Two weeks after a terrorist attack in California, the GOP candidates for president met to discuss foreign policy. We asked two national security experts to grade the ideas they expressed.
"Our government has failed to denounce the suppression of democracy. Our government has failed to denounce atrocities." Thus began the opening lines ...
Published in 2014, Sting of the Drone by Richard A. Clarke is a thriller that deals with a key part of America's national security stance over the past fifteen years.
When posed with the possibility of war, in theory, Americans like the idea of invading other countries. In practice -- when lives are actually lost -- they like invading other countries much less. When an invasion seems like it might be costly, Americans often prefer more limited airstrikes or no military involvement at all.
If the United States and NATO forces withdraw from Afghanistan, it is very likely that Russia will return to its traditional role as the Afghan government's principal sponsor. Already, the Kabul government has asked Moscow for additional military aid and Moscow has agreed to sell Afghanistan an unknown number of Mi-35 attack helicopters.
Islamic State is not being contained. It has now expanded to 35 international affiliates. It is zeroing in on North Africa in general, and on Libya in particular, in an attempt to create, on a far vaster scale, an even bigger Islamic State on the very edge of Europe's doorstep.
The Arab World has reached a point where the youth are at a record-breaking proportion to adults in the region's history. The forth-coming decade i...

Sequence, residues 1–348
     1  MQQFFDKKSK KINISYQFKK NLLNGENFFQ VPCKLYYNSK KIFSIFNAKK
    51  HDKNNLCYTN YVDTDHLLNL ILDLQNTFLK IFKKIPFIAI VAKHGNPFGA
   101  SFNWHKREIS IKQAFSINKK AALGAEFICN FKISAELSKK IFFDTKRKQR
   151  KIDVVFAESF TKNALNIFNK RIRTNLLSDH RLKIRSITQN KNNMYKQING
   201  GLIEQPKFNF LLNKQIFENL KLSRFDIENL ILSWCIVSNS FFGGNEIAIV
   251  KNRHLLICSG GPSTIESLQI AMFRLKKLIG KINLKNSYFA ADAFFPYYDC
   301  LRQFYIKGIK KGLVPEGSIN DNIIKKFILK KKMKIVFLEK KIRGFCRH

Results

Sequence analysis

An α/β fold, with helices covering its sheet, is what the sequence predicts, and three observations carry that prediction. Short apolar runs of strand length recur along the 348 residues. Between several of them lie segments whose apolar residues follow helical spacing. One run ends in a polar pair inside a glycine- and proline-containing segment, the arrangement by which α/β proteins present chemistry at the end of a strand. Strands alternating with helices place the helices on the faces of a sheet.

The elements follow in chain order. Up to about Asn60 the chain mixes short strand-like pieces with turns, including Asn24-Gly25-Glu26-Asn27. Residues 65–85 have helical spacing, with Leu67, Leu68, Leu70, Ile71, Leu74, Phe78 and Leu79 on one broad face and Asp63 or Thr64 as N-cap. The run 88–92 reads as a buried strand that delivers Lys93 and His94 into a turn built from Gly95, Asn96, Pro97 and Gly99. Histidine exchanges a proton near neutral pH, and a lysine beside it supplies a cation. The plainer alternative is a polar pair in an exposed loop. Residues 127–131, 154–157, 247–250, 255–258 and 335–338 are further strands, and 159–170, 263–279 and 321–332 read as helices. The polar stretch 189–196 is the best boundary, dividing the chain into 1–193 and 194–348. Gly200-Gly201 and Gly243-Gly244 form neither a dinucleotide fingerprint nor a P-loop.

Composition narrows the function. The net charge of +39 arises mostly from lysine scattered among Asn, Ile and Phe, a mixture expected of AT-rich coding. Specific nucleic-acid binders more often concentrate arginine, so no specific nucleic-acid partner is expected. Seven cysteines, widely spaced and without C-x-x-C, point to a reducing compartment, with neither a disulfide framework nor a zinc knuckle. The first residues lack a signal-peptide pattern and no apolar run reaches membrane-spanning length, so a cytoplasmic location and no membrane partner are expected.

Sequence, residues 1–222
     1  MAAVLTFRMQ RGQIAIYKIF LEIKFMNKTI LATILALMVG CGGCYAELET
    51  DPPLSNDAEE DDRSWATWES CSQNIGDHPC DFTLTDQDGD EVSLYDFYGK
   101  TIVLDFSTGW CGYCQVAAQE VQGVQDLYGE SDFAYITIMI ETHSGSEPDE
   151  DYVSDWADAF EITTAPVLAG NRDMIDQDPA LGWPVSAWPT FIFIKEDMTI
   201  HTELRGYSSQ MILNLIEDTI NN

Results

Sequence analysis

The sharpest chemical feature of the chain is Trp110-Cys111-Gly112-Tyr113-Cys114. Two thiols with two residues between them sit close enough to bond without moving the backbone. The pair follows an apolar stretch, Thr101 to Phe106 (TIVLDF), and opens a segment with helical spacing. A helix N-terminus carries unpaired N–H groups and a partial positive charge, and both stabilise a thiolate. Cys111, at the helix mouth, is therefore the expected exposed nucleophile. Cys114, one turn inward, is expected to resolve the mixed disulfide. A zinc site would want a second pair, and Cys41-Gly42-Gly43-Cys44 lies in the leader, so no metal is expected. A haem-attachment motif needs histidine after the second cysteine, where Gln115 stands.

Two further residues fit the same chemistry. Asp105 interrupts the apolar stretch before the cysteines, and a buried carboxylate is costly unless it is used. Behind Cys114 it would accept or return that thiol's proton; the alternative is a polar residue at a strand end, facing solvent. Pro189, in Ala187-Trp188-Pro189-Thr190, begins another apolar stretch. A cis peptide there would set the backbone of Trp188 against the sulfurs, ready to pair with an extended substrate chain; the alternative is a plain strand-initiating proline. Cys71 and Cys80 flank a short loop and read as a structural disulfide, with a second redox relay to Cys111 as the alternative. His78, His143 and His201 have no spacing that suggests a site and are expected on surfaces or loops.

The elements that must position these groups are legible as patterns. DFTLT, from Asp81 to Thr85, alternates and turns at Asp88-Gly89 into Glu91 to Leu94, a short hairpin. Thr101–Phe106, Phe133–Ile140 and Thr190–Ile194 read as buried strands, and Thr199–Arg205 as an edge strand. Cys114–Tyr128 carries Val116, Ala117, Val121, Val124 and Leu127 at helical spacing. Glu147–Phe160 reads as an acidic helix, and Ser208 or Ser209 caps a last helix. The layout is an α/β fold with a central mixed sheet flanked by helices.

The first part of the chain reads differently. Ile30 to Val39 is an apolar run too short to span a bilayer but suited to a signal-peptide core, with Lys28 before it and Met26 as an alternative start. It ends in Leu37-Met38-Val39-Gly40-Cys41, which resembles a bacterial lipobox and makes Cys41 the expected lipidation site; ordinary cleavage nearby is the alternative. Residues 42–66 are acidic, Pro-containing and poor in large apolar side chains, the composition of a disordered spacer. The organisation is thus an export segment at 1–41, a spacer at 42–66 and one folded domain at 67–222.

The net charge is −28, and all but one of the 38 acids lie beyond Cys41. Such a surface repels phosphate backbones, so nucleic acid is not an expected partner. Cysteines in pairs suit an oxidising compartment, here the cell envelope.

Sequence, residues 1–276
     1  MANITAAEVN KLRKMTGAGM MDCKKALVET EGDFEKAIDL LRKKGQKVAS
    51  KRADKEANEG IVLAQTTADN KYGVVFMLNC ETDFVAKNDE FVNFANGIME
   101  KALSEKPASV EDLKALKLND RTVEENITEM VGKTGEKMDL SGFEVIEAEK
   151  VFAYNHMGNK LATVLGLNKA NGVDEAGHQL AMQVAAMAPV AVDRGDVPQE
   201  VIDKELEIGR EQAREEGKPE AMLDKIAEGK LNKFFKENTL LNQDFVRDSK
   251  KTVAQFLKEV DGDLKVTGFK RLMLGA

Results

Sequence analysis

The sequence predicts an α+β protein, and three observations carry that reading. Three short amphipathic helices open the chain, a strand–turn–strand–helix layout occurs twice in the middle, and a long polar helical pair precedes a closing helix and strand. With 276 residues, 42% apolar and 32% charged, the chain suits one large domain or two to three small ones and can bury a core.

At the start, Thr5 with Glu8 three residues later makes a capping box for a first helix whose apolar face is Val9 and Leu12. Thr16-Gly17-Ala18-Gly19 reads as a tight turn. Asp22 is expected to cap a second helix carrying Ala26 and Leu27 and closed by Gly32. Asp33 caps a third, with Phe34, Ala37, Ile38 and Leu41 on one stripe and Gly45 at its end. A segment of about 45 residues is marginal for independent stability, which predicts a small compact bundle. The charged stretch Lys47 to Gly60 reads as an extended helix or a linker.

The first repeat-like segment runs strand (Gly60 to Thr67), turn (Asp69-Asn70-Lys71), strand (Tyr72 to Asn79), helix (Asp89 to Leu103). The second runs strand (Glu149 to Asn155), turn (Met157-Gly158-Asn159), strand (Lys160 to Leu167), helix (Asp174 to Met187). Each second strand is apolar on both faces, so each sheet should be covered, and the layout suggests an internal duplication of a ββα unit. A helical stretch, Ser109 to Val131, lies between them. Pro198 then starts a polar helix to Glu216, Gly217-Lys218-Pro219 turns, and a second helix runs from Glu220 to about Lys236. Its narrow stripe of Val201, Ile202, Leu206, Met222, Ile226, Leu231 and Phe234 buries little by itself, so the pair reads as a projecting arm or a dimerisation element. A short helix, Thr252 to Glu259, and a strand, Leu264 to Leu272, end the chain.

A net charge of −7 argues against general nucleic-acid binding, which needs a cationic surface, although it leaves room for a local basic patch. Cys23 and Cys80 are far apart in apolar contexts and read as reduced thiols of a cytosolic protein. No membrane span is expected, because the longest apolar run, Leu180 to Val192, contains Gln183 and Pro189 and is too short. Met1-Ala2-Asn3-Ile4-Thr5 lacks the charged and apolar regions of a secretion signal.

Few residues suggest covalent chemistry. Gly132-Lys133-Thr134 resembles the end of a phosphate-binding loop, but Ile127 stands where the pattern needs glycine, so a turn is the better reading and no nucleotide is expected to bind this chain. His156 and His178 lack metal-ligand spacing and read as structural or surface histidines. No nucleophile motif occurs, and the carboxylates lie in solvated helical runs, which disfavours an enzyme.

Threats of intimidation and violence from some members of Parliament, and the failure to address social and economic issues by President Michel Martelly's administration, created a climate of repression and corruption.
The real battle isn't the GOP's America vs. Islam or even Democratic whispers for gun control. At stake is the soul of America. If America falls to racism and separatism once again, this time, we open the door for the rest of the world to follow our lead.
While Iranian leaders project that they are fighting ISIS, Iranian forces are not anywhere close to an ISIS stranglehold. Instead, they appear to be battling Syrian rebel groups, including the Free Syrian Army, to force them to retreat or prevent them from capturing more territories in Aleppo, Latakia and Damascus.
U.S. leadership is not always appreciated and is often criticized. But I have a hunch that these countries would complain much more -- and enjoy their situations far less -- if American involvement went away.
For spectators who are keeping score at the Paris global climate talks starting this week, the number that should be circled is 900 billion. The units? Not dollars, but billions of tons of carbon dioxide. Why 900 billion?
Yet again, the GOP leadership is hoping, perhaps even anticipating, that the voters will move away from erratic, outsider frontrunners like Donald Trump and Ben Carson.
Iran's Supreme Leader Ali Khamenei rarely meets with world leaders, but this week he hosted Russian President Vladimir Putin, who made his first visit to Iran since 2007. Putin held talks with Khamenei and his Iranian counterpart Hassan Rouhani.
I believe the United States is in the midst of making a major and very damaging mistake in relationship to ISIS. That's because we are doing exactly what they want us to do to play into their apocalyptic endgame.
The nations that need to work together are not working together. By not working together, they are undoing some of the advances that each other make, allowing ISIS to operate in the cracks and disagreements.